Parenting Time Transfer of Guardianship – Custody – Visitation


 

Donald Tenn Human Rights Activist

Human Rights Activist Donald Tenn

I was recently an integral part of a couple of parenting time transfers and I was surprised at how ill-prepared both parents were, so, I decided to post this article with just the basics. In this particular situation, the transfer of guardianship, of course, took place at… You guessed it, Mc Donald’s, where every McDad goes to pick up their children for parenting time.

The actual transfer was uneventful itself, however, the parent who had primary custody did not provide any clothing, bathroom necessities, nothing. I explained to the non-custodial parent that they should probably get a backpack for the child and return the child with necessities such as, socks, underwear, toothbrush, maybe a toy and more so that both parties could get an idea as to what the routine should become. Quite honestly, I was surprised that a parent would send their child off anywhere, where they know they will be spending the night, and they did not pack necessities. So, here is a little info with a video as to what happens when parents are not prepared for their transfer.

Switching between Mom’s house and Dad’s house can be difficult and stressful for children, but the manner that parents approach these transition times can have a big impact on how children react. It is important for parents to realize that children have worries, concerns, hopes, and fears about the divorce or separation, and the transfer of guardianship(Visitation) can often bring a lot of those concerns to the surface, especially if there is a conflict between parents.

 

Research very clearly shows that the amount of conflict that children are exposed to before, during and after the divorce determines how well children will adjust to the divorce. If the conflict continues or gets worse during parenting time, or any other time, children are more likely to have emotional and behavioral problems. Children that see parents being civil and respectful of each other are more likely to feel loved, secure and safe and are less likely to have ongoing emotional or behavioral problems.

There are some strategies that parents can use to make the transfer and parenting time easier for our children. Remember that the more strategies you use, the more beneficial it will be to your children.

1. Speak positively about the other parent and the time that child(ren) will spend with the other parent. For example ” I know that you are going to have a great time this weekend with your Mum/Dad because she/he has special plans”, this is of course much more positive than “I know you don’t want to go, but the court papers say you have too”. In the first sample, the child(ren) is clearly hearing that you know Mum/Dad is a fun person to be with, and has spent some time planning a great weekend.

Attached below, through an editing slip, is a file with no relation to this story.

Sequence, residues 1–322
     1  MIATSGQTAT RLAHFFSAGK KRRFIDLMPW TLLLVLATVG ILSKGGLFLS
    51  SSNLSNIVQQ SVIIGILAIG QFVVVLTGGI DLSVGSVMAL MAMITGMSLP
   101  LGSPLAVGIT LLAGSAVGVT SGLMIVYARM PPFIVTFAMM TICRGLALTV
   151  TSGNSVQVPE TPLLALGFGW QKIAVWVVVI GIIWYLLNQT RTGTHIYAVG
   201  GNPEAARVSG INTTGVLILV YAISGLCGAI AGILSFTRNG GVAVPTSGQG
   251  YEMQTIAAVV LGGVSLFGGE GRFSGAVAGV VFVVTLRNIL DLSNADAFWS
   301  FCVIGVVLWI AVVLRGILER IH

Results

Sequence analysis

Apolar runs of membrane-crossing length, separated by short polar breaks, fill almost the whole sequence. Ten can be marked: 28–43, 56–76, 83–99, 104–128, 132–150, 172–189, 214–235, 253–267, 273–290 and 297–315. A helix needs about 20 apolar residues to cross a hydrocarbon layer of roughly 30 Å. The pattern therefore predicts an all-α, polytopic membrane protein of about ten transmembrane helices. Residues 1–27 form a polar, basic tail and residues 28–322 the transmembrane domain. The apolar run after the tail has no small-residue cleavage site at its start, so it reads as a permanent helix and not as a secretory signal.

2. Have the child(ren) ready to go on time, and be on time to pick-up the child(ren). If you need the child(ren) to have a particular item, make sure you tell the other parent so they can be ready, rather than scrambling around at the last minute.

3. Avoid discussing any sensitive topics during the pick-up or drop-off of the kids. Make it short and positive, and don’t be tempted to discuss problems or concerns at this time. Remember that this is a tough time for the children, and parent conflict or emotional tension will just make it worse.

4. Keep basic supplies at both houses. Avoid having to pack a suitcase for the child(ren), rather have socks, underwear, pj’s, shampoo, toothbrush, toothpaste, brushes and other personal items at both houses and/or have a backpack for special items which will transfer back and forth from Dad/Mum. This helps children understand that they have two homes, not just one home and a place to visit.

5. Avoid using the term “visitation” or “access” with your children. This is a court term, not a child-friendly phrase. Try saying “This is your weekend to spend time with Mum/Dad” rather than “This is Mum’s/Dad’s visitation time”.

6. Let the children know that they can call you to say goodnight or just to talk. Avoid calling over to the other parent’s house as this can be seen as a sign of distrust. Rather allow the kids to call you, or perhaps arrange a time that you can phone over to say goodnight if the children are too young to use the phone.

Children love to spend time with both parents, and making parenting time easier on the kids is one way that parents can begin to work together in their role as co-parents to the children.